Yamamoto threatened to resign his commission if he did not get his way in deploying the naval forces.  He planned on an airborne attack against Pearl Harbor, where  in late November 1941 a total of eight battleships were moored.  He consulted with Naval Captain Genda who devised the plan of attack.  Born in Hiroshima in 1904 Genda had been a Navy flier since 1924.  Both he and the admiral produced plans of an attack on Pearl Harbor in the mid-1930s.  The concentration of capital ships in December 1941 was a ripe fruit ready for picking.

Opposing the strike planned by the Japanese was U.S. Admiral Husband E. Kimmel (Annapolis, class of 1904) and General Walter C. Short, both regarded as competent officers who happened to be at the wrong place at the wrong time.  A major flaw in the deployment of the Army Air Corps planes was being tightly grouped on the ground virtually wing tip to wing tip, to guard against saboteurs. The theory behind the strategy being one set of sentry eyes could guard a number of planes positioned close together, while planes spread out were more vulnerable to ground attacks.  There had been no indication of potential attacks by saboteurs, but the planes were left as they were, perfect targets for a strike by bombing planes from the air.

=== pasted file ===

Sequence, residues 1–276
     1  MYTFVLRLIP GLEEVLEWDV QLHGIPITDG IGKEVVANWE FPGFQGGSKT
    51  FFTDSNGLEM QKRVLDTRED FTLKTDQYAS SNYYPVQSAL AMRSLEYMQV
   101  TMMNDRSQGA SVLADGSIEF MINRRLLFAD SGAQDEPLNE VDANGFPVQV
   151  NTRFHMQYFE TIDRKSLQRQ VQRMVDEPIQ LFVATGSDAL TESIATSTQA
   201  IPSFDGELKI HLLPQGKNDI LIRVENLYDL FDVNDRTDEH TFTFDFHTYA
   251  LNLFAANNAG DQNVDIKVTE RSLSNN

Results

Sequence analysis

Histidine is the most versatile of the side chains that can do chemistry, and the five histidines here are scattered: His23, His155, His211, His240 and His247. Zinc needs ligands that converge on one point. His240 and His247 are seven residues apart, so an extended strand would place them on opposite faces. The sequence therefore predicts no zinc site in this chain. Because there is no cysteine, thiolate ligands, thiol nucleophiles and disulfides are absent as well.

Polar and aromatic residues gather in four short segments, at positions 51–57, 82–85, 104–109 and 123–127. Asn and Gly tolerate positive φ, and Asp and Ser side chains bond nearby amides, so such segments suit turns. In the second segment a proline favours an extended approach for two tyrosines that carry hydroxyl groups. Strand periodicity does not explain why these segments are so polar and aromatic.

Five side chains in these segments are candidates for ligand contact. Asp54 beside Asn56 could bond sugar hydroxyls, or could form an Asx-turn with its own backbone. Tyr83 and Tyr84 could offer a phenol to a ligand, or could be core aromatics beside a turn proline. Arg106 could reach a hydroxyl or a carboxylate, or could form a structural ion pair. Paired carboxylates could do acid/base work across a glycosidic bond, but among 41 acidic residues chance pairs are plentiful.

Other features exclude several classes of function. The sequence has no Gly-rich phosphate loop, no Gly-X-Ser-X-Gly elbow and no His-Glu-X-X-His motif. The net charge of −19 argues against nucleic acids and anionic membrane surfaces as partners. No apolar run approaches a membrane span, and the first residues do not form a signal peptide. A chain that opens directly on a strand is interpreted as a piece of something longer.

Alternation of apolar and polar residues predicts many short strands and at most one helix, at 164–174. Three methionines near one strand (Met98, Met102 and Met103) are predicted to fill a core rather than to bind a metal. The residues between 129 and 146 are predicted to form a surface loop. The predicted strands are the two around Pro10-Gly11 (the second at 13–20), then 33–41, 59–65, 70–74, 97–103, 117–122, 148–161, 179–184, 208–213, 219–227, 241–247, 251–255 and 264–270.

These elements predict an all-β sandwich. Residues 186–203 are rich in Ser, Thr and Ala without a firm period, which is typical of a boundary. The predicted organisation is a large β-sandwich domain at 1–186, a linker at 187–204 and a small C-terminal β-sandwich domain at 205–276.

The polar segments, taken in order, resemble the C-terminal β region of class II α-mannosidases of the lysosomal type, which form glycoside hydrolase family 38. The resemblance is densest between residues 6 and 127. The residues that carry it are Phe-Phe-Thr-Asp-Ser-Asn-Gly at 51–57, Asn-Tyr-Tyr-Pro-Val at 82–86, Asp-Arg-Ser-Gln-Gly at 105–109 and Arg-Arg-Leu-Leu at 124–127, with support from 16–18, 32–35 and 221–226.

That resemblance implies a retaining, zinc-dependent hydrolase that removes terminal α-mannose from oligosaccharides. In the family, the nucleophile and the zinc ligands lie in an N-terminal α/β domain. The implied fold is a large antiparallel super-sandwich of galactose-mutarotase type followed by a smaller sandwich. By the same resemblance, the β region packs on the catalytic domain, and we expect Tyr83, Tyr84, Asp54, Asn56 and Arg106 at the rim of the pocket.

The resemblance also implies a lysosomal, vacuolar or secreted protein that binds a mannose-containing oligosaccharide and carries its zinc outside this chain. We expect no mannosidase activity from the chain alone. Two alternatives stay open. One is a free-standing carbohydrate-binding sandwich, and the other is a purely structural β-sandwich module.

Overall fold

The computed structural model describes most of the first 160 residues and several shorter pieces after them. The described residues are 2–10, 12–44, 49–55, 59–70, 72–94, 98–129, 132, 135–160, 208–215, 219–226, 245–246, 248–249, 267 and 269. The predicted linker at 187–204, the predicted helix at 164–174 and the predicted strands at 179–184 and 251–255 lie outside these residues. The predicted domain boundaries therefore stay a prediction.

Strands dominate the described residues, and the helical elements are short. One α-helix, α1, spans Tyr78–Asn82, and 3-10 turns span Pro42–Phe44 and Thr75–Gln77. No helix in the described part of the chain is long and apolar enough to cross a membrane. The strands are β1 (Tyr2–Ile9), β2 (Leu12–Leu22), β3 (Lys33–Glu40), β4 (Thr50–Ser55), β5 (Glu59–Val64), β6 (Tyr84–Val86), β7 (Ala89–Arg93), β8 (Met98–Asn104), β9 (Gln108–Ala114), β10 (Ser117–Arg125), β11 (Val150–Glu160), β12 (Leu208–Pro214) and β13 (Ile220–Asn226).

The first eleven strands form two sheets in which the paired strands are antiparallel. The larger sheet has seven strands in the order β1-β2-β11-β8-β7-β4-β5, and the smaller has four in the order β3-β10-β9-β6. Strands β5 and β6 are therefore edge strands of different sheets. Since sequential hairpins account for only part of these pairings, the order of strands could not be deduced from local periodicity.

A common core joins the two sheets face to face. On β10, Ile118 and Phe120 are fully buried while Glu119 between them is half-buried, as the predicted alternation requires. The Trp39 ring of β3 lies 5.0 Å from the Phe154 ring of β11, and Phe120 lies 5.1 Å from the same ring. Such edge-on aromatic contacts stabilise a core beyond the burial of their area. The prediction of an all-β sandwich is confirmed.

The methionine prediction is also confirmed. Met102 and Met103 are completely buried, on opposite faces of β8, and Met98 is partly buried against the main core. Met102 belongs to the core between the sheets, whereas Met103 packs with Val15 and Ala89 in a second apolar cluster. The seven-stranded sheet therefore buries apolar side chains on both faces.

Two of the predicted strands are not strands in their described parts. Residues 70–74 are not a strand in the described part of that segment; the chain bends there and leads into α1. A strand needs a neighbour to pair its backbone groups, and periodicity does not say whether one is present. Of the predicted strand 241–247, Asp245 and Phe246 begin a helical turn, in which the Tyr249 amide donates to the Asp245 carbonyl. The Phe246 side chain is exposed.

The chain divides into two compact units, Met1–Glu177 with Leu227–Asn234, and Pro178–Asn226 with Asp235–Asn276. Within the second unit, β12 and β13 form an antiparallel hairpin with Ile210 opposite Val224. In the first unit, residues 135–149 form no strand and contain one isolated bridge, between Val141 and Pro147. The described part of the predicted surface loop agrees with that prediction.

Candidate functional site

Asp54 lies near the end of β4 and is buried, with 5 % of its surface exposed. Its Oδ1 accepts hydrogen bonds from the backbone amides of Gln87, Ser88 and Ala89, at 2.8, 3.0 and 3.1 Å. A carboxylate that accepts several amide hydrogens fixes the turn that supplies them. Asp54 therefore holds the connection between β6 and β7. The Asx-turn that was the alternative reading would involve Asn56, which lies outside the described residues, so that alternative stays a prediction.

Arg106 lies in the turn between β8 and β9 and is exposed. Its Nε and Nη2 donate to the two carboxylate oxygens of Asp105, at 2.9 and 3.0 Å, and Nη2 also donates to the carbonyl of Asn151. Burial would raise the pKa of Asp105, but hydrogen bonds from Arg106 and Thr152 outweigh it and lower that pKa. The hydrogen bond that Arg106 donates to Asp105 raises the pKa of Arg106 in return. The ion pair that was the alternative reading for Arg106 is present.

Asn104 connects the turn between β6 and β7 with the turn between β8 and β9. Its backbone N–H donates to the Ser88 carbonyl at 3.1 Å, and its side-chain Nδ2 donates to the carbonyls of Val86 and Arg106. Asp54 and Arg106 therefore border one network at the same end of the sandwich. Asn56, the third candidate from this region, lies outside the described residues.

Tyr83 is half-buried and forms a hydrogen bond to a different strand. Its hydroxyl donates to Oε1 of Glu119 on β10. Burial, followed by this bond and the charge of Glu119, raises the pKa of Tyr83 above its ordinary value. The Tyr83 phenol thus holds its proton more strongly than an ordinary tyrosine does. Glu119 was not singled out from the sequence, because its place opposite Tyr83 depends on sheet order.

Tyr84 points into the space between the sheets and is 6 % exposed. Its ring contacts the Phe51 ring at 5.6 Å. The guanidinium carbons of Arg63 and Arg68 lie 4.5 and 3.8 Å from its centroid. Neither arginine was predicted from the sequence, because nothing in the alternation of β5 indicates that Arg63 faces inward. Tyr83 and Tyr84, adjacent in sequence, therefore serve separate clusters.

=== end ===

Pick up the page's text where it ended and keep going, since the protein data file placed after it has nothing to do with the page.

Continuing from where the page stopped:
The fleet too was positioned bow to stern and side-by-side, also vulnerable to air attack and Genda had been fully informed of their positions by the Japanese intelligence network operating throughout the Hawaiian Islands.  Reports were transmitted constantly to Japanese naval forces as they steamed toward Oahu.

The surprise attack on December 7, 1941 on Pearl Harbor cost the United States 18 ships sunk or seriously damaged and over 160 aircraft destroyed.  The main Japanese fleet, including six aircraft carriers, suffered no surface ship losses and only 29 aircraft lost.  Per Yamamoto's instructions, the fleet remained intact and steamed back to Asia to participate in the invasion of the Philippines and other actions.